Around 50 protesters from the Liberal Party and domestic helper employer groups gathered at government headquarters today demanding the government allow them to sack their helpers without notice.
Last month, at a government hearing, Liberal Party member Harris Yeung warned that “there will be more pregnancies” if helpers are given the option to live away from their employers (video). Protest leader and councillor Michael Lee stood by his party’s assertion today, adding that allowing workers to ‘live-out’ would create social issues, “…such as the housing problem, such as the traffic problem. We cannot control what they are doing at night… They will do some part-time jobs, or they may even go drinking or go partying. Then they will have no energy to work for us.”
The employers claimed their needs were being neglected, chanting “we demand the government give us automatic firing rights!” and “helpers borrow money and run off!“.
Lee held up a comic featuring a racial caricature of a domestic helper refusing to work despite pleas from an exasperated employer.
Joan Tsui of the ‘Support Group for HK Employers With Foreign Domestic Workers’ said that “employers should have the right to immediately fire helpers without any notice or having to pay any compensation. We pay a lot of agency fees and some helpers don’t have to pay anything, like Filipino ones. So they endlessly job-hop and pick and choose their employers. And they’re always borrowing so much money and get in so much debt. The government should not allow them to take out loans.”
Whilst it is true that many domestic helpers are held in debt bondage by their agents, the unproven notion of ‘job-hopping’ was debunked in a 2006 HKU study (pg.24) which found that the current rules, in fact, “encouraged employers to violate the standard form contract and to ‘maid hop’… putting a ‘menace of penalty’ in the hands of every employment agent and employer“. The myth of ‘job-hopping’ was also discredited in an SCMP Op-ed by HK Helpers Campaign legal advisor Rob Connelly.
Debate is currently raging in the city after a spate of torture and abuse cases made international headlines. Late last month, a woman was arrested after allegedly cutting off her helper’s finger with a knife. A 2012 Mission for Migrant Workers survey found that 58% of workers had faced verbal abuse, 18% had suffered physical abuse and 6% had been sexually abused.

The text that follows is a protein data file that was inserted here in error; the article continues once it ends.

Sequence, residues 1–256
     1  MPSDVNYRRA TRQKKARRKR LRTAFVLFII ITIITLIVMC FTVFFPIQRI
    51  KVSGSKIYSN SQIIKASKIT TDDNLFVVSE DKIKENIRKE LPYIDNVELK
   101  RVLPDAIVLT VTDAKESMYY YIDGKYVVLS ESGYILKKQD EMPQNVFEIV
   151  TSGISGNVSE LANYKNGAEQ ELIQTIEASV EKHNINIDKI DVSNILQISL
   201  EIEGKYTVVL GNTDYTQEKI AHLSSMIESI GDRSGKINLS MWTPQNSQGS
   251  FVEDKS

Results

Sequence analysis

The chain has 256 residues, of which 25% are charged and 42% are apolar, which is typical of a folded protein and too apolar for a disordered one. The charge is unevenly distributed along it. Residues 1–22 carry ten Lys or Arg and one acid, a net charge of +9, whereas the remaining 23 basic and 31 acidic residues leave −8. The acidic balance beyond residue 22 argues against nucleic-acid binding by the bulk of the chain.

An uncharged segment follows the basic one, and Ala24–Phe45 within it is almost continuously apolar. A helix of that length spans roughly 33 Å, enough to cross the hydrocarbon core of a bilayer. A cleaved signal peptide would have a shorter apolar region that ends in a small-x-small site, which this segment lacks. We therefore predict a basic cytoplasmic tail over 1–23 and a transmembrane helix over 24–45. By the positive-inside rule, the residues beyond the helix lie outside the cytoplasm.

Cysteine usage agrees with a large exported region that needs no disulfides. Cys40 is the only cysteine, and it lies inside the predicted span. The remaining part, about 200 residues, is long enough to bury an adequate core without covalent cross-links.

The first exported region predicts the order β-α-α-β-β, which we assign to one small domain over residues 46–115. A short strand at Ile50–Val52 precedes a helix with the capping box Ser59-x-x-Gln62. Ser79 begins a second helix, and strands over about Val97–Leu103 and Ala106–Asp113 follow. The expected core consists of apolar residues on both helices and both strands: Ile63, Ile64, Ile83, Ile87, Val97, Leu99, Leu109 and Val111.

Addressing the crowd, Michael Lee said, “The recent Indonesian helper abuse case was very unfortunate and we feel very sympathetic. But it is a small case and it is more common for helpers to exploit their employers. They are always on their mobile phones, going on YouTube all the time. They neglect the elderly people in their care, damage the furniture, steal from employers. There was recently a case of a helper who gave birth and left her baby in the toilet. That shows what some of them are like.”
Lee also claimed the ‘two-week’ rule, obliging helpers to quickly leave the territory at the end of contracts, was too long. Helper NGOs, meanwhile, argue that the period is too short and encourages workers to remain in abusive situations.
It is difficult for helpers to find new employment in such a short period and even the Immigration Department admits that new visas take longer than a fortnight to process.
After Lee’s speech, the demonstrators cheered as he ripped up a mock plane ticket. Employers objected to a contractual obligation to cover helper’s air travel, as they claim many simply go to Macau and pocket the money.
For decades, lobbying groups such as Joseph Law’s ‘Employer Association’ and helper agencies have been lobbying the Hong Kong government to scrap reforms for domestic workers. Their demands to suppress wages are often met by the government, causing pay and conditions to actually worsen for the local helper community. During hearings at government headquarters, these opaque and unaccountable groups offer anecdotal evidence to back up their claims in contrast to the hard statistics cited by helper NGOs and numerous international bodies…
Last week, TVB broadcasted a comprehensive Pearl Report documentary examining the scourge of abuse cases in the city and how/why they occur…
If you wish to help enact positive change for HK’s helper community, visit the HK Helpers Campaign Action Centre. The campaign is currently seeking volunteers willing to act in a video production and translators who can speak Chinese or Nepali. Follow the campaign on Facebook or Twitter.
The best of HK Helpers Campaign blog content:
- Another Domestic Maid Tortured by HK Employer Flees; Hospitalised.
- HK Maid Community Gather for Global Dance-Off.
- Indonesian Maids Rally in Support of Abused Domestic Helper.
- Domestic Maids Plant Toy Grenades for Art… But Were the Curators Ethical?
- Grainne Quinlan’s Stunning Portraits of HK’s Helper Community.
- Now Gov’t Rules Make it Near-Impossible for Domestic Maids to Quit or Escape Abuse.
- Photo Project: ‘Why Do You Do What You Do’.
- Dreamseekers: Photographer Reveals Maid’s Journeys from Indonesia to HK.